Deutsche Bank and RBC Capital Markets have landed lead roles on an underwritten credit facility backing Petro-Canada's C$3.2 billion (USD$2 billion) acquisition of the international oil and gas operations of Veba Oil & Gas from Veba and BP. A banker familiar with the deal said the two banks are looking for co-arrangers for the C$3.5 billion loan and general syndication is slated for next month.
RBC is global lead arranger and has underwritten 65% and Deutsche Bank is lead arranger, underwriting 35% of the deal. The deal breaks down into five tranches: a C$1 billion, 18-month loan; a C$750 million, 364-day facility; a C$750 million, two-year facility; a C$700 million, three-year facility; and a potential $300 million, five-year loan to be syndicated to U.S. and European banks, depending on the success of the Canadian tranches. Spreads are still being determined, said a banker. RBC is a historic relationship lender and Deutsche Bank has a strong international presence, said one banker, commenting on the choice of lead underwriters. RBC bankers declined comment and Deutsche Bank officials could not provide comment by press time. Harrison Lovegrove & Co. was the M&A advisor.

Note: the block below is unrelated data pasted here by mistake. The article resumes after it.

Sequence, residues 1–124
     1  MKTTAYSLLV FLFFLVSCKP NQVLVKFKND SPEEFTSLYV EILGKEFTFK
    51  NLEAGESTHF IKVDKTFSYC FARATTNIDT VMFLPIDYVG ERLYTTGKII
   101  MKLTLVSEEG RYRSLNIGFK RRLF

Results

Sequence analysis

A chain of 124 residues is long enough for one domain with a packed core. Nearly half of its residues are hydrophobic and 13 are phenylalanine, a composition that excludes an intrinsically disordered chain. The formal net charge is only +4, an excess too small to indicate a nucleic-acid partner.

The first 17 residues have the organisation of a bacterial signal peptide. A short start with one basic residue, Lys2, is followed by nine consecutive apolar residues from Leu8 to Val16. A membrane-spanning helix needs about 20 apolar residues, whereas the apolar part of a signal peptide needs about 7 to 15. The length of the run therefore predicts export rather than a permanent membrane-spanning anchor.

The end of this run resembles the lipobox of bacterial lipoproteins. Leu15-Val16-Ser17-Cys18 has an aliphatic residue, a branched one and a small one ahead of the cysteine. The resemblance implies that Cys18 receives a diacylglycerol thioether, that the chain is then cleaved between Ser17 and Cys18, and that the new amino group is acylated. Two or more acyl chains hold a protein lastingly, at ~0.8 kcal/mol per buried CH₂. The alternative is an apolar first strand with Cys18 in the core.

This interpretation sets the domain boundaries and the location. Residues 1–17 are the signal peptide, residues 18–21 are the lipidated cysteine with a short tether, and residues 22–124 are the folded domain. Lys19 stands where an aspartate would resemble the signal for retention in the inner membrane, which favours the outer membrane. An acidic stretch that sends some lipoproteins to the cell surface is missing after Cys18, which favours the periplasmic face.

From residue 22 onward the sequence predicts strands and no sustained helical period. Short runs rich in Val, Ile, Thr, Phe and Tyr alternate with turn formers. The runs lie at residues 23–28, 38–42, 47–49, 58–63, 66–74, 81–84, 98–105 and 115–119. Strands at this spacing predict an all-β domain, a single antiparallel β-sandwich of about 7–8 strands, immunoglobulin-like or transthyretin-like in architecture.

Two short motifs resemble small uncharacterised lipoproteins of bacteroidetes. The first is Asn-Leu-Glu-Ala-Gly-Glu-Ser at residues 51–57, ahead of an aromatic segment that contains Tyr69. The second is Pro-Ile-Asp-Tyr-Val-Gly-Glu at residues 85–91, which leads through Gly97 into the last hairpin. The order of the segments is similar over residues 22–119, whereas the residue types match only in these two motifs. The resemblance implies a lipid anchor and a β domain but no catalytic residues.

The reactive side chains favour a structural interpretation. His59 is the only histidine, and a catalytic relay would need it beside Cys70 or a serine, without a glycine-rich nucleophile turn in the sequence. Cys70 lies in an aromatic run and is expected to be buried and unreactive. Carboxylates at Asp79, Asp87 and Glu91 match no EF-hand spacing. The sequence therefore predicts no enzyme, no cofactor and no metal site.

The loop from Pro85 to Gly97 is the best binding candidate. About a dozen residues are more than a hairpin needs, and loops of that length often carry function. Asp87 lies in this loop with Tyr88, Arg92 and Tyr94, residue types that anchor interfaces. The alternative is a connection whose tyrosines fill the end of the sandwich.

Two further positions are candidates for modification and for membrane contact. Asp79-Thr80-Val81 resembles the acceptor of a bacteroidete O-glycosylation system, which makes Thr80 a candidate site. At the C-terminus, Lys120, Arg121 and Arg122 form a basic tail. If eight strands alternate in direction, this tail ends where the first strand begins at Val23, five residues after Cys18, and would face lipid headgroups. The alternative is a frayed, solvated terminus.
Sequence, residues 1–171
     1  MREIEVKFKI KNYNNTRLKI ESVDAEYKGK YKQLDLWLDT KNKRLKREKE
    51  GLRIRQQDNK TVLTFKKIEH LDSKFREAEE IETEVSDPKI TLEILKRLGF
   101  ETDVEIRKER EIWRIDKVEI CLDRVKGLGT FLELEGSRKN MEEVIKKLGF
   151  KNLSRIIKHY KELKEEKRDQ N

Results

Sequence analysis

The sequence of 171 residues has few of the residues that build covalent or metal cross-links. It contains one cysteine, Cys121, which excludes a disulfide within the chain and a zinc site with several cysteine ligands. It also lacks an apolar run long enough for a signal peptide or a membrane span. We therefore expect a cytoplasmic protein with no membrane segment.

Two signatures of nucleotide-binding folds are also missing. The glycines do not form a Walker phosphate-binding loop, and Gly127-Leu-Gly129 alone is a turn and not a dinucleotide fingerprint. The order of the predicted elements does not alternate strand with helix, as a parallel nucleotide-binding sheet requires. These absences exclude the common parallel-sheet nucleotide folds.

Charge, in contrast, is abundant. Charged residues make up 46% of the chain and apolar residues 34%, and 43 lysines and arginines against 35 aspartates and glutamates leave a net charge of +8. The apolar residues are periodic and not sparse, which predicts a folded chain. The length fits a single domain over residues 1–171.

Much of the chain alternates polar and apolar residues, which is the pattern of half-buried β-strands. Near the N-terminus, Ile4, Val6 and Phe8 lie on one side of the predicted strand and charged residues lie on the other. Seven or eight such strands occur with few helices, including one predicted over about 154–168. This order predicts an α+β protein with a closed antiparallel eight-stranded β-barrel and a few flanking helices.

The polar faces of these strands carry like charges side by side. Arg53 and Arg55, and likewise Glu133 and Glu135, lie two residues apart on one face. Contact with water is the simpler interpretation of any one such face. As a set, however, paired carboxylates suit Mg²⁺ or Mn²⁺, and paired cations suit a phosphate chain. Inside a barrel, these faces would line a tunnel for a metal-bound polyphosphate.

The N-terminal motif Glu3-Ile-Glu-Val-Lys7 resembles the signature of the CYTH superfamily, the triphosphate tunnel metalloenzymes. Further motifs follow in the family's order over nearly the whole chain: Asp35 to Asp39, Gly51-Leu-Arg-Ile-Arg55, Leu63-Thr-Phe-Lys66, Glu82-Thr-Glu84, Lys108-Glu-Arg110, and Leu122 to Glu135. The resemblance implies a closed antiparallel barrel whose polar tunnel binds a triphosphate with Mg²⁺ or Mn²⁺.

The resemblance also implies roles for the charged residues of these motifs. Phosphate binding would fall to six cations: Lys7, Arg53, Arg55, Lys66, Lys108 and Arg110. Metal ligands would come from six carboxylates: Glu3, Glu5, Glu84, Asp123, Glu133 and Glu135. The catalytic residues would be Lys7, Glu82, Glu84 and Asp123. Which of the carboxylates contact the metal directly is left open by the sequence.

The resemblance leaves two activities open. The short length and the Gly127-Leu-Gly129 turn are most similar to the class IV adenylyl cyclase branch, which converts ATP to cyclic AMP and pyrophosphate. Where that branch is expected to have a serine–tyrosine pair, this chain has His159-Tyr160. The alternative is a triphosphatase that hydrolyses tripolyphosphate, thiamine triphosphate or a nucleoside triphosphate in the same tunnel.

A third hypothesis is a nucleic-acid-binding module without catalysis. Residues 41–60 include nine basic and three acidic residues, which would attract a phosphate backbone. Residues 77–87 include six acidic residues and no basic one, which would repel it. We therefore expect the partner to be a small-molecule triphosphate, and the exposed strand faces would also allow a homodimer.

Ron Brenneman, Petro-Canada president and ceo, said in a conference call with analysts that the company has an underutilized balance sheet enabling the all-cash acquisition, and avoiding any shareholder dilution. He did not return calls seeking further details on the bank credit or the company's selection of banks. The financing is in the form of an interim facility, and will be termed out, said Harry Roberts, senior v.p. and cfo. Roberts said an all-in rate of 7% is a reasonable estimate for interest costs on the debt. The proposed future ratio of bank debt and bonds is still being ascertained. Standard & Poor's lowered the corporate credit rating to BBB from BBB+ on news of the acquisition, citing the assessment of the heightened political risks associated with Petro-Canada's expanded international operations and the deterioration of the company's financial risk profile, which is not expected to improve significantly in the near term.